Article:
August 5, 2011

A Fresh Start in New Orleans

Written by:

I remember as if it were yesterday. Public housing residents in the City of New Orleans expressed outrage during the debate over whether to close four of the city’s largest public housing developments after they were severely damaged during Hurricane Katrina. HUD proposed rebuilding better, brighter affordable housing for New Orleans families. It’s been a long, hard road but new, improved housing is back in New Orleans.  Read all about it in USA Today.

While the affordable housing featured in this story is not part of the “big four” redevelopment that’s currently underway, it does illustrate how the new mixed-income affordable housing model can replace the outdated, crime-ridden developments that once existed in New Orleans. As we approach the sixth anniversary of Hurricane Katrina, public housing families who are living in this new community can celebrate a new beginning. The USA Today got it right…it is “a fresh model for housing the poor.”

One Response to A Fresh Start in New Orleans

  1. Ms. White– public housing was not “severely damaged” by Katrina: it was severely damaged by decades of congressional disdain for the HUD budget and demolition by neglect on the part of HANO in the immediate days, weeks, and months after the storm. If you believe strongly that new mixed-income communities are the answer, you shouldn’t have to rely on massaging the truth that the developments were not as damaged as you claim. In fact, the reason for the outrage from housing tenants at that November 2006 meeting at John Mac high school (I also remember it like it was yesterday because I have it on video) was that the buildings were sturdy as well as livable.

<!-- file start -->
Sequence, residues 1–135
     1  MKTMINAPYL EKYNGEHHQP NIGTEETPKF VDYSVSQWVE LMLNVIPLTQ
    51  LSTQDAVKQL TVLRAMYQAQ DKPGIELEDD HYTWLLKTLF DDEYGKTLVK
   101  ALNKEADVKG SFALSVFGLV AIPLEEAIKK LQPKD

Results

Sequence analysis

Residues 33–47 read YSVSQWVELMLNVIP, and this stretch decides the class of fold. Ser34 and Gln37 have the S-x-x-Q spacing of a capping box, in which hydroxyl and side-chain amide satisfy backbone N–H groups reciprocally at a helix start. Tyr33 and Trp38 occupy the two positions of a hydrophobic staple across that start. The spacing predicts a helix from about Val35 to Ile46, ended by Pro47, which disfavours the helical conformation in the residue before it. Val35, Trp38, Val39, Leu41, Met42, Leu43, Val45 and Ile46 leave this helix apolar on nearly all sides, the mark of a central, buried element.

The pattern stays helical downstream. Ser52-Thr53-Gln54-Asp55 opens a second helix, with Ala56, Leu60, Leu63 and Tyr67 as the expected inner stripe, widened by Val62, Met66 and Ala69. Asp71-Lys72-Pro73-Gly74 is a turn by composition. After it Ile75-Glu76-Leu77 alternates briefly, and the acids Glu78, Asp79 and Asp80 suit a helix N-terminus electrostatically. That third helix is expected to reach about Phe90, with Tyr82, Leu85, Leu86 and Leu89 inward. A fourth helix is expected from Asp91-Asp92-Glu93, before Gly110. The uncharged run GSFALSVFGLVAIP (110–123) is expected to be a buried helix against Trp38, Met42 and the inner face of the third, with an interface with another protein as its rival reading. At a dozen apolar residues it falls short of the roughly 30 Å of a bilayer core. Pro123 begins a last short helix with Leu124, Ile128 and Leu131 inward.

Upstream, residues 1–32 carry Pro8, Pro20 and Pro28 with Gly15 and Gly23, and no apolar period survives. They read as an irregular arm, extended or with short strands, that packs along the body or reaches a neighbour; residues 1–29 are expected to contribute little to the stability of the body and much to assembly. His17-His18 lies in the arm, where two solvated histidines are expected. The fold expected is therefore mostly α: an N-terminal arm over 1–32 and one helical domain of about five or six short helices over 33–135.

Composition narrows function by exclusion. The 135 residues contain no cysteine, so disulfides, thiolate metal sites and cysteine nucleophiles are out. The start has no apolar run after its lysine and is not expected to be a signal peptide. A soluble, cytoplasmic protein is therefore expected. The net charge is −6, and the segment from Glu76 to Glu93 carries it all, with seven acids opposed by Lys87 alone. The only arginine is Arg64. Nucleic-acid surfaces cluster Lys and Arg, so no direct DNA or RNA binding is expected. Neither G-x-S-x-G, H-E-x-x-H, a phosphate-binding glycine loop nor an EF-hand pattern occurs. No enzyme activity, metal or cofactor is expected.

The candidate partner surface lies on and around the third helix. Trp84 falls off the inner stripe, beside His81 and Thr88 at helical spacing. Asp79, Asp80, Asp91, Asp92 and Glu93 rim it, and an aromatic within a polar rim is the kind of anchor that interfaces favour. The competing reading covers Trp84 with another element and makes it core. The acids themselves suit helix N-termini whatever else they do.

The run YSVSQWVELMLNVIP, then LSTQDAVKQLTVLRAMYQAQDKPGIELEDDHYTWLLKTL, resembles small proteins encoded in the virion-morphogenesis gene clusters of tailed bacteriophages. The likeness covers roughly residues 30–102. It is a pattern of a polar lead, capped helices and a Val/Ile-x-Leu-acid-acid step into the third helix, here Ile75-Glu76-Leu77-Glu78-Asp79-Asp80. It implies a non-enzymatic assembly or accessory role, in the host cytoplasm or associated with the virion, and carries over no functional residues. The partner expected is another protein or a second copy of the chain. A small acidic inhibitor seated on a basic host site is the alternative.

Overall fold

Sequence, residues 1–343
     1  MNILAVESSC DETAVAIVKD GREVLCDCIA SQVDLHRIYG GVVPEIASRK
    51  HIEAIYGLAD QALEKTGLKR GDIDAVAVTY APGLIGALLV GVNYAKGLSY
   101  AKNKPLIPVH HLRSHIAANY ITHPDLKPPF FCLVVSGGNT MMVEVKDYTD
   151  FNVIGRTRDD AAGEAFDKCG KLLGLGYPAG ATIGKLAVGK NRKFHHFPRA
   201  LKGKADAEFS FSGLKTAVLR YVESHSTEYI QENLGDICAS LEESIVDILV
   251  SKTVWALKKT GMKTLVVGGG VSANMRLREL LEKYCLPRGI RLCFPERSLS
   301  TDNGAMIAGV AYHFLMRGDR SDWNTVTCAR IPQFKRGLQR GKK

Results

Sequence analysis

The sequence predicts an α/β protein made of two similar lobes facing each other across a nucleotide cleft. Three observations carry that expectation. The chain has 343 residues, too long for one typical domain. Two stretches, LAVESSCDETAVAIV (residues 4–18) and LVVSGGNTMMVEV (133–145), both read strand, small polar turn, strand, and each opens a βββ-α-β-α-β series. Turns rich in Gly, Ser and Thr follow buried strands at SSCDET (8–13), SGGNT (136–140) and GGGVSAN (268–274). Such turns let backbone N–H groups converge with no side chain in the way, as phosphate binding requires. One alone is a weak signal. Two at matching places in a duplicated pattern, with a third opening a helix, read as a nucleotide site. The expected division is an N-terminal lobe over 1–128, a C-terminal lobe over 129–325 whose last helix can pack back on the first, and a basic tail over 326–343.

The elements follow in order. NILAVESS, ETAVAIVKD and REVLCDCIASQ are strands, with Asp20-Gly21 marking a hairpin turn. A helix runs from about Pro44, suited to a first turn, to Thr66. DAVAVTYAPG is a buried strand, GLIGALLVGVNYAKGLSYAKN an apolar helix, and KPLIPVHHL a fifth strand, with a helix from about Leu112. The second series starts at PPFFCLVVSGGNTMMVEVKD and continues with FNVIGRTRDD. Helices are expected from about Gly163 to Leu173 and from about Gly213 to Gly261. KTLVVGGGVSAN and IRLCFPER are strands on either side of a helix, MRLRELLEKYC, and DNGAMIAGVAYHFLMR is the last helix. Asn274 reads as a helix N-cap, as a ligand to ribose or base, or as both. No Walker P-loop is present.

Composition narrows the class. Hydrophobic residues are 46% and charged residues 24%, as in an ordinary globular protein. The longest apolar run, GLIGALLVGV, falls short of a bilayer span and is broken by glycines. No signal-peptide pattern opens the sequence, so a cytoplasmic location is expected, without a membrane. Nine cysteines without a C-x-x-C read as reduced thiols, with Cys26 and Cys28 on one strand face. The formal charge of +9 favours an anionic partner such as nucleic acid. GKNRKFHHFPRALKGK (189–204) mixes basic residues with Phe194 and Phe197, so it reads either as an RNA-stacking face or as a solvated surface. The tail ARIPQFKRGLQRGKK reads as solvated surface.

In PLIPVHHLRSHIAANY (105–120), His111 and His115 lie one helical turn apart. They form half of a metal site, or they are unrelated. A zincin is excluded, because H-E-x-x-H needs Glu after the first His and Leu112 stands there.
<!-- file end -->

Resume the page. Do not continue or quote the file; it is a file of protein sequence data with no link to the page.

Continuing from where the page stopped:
Most of the tenant leadership and activists were advocating for a phased redevelopment that would have allowed for the immediate return of thousands while redevelopment could take place with greater input and leadership from the residents themselves. The USA today piece, like most news articles on the redevelopment process here and in cities across the country, gets a small part of the story right. But you and Mr. Jervis, the author, both gloss over the larger trends of the steady decline in low-income housing that is not incentivized or influenced by the market. A voucher is not the same thing as a home, as you must know.

    I think its safe now to promote a more honest telling of history. The buildings are gone anyways, and you won’t be telling anyone here something they didn’t already know.

Leave a Reply

Your email address will not be published. Required fields are marked *